LILY PRICE | The Red & Black
S Sam Perren, Jason Moody, Larry Cardinal and Mark Spurlock (from left) were inspired by the vision of Dr. Phil as a squid and used it to fashion their band name, Doctor Squid.
Doctor Squid makes it all up By JOE WILLIAMS THE RED & BLACK When it comes to creating original music in Athens amongst a sea of indie bands which seem to share a common ancestor, Athens pop-rock quartet Doctor Squid has found a way to stand out amongst the masses â€” have fun, leave the work behind and free-style rap until you come up with a band name. â€œWe went through that struggle that every band goes through, that â€˜what should our band name beâ€™ kind of thing,â€? said lead singer and guitarist Larry Cardinal. â€œSo then we decided to not push it, and just sort of let it emerge.â€? â€œIt got to the point where we had a show schedule, just not a band name,â€? said lead guitarist Mark Spurlock. With the pressures accumulating and a looming schedule in the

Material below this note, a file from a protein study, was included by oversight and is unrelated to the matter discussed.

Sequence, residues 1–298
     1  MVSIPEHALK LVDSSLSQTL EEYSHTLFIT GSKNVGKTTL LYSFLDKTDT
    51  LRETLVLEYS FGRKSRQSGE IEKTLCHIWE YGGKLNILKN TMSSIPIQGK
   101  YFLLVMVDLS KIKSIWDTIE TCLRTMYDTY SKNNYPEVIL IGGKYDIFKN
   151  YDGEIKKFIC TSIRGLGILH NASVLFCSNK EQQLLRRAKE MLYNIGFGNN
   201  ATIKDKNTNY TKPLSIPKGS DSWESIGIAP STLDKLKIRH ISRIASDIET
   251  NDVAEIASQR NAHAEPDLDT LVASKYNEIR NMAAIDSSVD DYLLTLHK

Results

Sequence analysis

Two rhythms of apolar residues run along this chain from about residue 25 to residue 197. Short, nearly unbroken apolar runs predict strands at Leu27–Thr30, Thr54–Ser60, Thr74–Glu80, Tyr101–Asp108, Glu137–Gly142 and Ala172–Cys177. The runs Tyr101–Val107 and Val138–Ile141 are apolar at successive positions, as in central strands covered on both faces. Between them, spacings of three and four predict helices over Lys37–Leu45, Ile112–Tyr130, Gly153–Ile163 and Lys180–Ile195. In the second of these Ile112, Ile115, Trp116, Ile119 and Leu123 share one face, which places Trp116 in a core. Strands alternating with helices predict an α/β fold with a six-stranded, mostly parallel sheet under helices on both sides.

distance, the band turned to a familiar favorite â€” free-style rapping. â€œWe were talking about Dr. Phil one day and how he does that whole serious, â€˜You know, youâ€™ve got to eat healthy, every day!â€™ type of thing,â€? Cardinal said. â€œWe thought, â€˜What if Dr. Phil became a squid, but kept his show?â€™â€? Bassist and singer Sam Perrenâ€™s input made the band name fully stick. â€œI may be a squid, but I donâ€™t think you should beat your wife!â€? Perren said in his best Dr. Phil impersonation. While Cardinal is belting out high notes or harmonizing to Perren, keep an ear open for his lyrics. â€œWeâ€™ve performed songs that didnâ€™t have lyrics written for them, and just had Larry wing it,â€? Spurlock said. â€œAnd other times weâ€™ve written lyrics and had Larry